We can’t cover failed events without first mentioning the granddaddy of all bamboozles: the 2017 Fyre Festival, AKA the luxury Bahamian festival turned dumpster fire.
- At this year’s Burning Man, 70k+ people were trapped in the muddy Nevada desert after heavy rain hit the campgrounds.
- Attendees of the 2023 Electric Zoo festival filed a class-action lawsuit against the organizers for multiple last-minute cancellations and closures.
- Blue Ridge Rock Festival in Virginia went south as extreme weather caused confusion and cancellations.
- Thousands were evacuated from the World Scout Jamboree in South Korea due to a heat wave that left many seeking medical treatment.
Why is this happening?
In part: more people, more problems. Gathering thousands of attendees together safely requires perfecting the logistics of everything from transportation and bathrooms to emergency services and security.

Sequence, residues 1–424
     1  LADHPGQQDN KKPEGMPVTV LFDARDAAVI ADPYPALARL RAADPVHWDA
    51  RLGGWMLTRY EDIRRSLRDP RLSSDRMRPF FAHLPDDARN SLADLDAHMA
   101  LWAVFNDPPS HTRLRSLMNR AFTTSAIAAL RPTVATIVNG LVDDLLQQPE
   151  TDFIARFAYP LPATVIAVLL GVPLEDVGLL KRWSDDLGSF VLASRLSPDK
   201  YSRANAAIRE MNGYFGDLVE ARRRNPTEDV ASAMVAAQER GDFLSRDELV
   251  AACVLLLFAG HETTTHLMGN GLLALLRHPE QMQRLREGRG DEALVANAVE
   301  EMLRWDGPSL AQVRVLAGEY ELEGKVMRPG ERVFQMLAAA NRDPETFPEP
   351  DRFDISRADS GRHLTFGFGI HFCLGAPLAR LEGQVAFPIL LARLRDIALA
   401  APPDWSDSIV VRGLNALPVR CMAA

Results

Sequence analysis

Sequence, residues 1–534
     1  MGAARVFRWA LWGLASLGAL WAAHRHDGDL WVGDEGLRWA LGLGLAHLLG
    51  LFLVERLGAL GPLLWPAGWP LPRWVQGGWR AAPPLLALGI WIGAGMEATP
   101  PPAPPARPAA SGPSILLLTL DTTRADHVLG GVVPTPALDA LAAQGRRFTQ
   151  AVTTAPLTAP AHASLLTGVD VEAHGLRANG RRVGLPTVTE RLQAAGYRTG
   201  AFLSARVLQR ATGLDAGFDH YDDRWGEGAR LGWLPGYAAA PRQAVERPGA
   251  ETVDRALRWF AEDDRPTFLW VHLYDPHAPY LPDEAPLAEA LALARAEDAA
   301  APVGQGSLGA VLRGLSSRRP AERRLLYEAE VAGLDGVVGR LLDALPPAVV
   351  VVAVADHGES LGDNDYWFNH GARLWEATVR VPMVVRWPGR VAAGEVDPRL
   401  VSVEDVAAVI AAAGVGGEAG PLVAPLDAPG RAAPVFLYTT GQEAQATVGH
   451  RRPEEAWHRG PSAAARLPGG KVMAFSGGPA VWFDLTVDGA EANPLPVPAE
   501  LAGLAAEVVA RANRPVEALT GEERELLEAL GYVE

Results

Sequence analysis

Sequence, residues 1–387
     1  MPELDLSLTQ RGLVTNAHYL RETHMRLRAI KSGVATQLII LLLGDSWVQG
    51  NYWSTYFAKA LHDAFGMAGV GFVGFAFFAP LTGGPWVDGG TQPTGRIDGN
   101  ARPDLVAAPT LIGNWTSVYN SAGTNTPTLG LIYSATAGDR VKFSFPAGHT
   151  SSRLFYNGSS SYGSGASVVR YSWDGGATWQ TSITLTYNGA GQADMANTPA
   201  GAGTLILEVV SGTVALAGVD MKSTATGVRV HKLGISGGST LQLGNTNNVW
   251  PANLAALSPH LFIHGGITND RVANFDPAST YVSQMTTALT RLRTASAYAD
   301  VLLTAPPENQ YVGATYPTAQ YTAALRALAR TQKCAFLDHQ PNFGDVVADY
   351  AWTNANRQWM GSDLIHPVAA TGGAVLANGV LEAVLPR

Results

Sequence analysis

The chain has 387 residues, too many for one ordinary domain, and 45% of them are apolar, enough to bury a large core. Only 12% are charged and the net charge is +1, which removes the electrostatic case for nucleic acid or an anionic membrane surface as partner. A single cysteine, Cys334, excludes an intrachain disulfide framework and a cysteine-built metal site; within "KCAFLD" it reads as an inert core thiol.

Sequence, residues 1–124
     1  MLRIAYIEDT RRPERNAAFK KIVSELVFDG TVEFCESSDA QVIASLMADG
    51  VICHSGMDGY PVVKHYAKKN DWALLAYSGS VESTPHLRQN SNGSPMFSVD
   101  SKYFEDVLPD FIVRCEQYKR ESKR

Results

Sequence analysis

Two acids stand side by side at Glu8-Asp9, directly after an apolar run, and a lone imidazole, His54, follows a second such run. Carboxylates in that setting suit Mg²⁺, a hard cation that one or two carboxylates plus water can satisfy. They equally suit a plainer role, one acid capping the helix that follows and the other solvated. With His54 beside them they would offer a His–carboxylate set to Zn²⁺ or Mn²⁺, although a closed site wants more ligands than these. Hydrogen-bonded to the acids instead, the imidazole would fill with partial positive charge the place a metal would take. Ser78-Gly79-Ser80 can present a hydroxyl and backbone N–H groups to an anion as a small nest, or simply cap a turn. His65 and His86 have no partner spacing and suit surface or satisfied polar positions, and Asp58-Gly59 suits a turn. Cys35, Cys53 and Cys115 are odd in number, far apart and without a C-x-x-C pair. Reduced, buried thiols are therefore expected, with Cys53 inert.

Plus, many large-scale events are held in remote locations to accommodate large crowds, meaning all infrastructure must be brought in and set up — essentially building cities from scratch, and inviting opportunities for things to go awry.
The rotten cherry on top? An increase in extreme weather conditions are making event planning even less predictable.
The blame game
While labor and material costs go up and consumer spending goes down, large events are left to make it work.
Electric Zoo blamed its cancellations on supply chain issues, writing: “The global supply chain disruptions have impacted industries worldwide, and, sadly, our beloved festival has not been immune.”
On the other hand, Burning Man organizers said there was no need for all the “fuss,” and that the situation was under control.
All we know for sure is that you won’t catch us at Fyre Fest 2.0.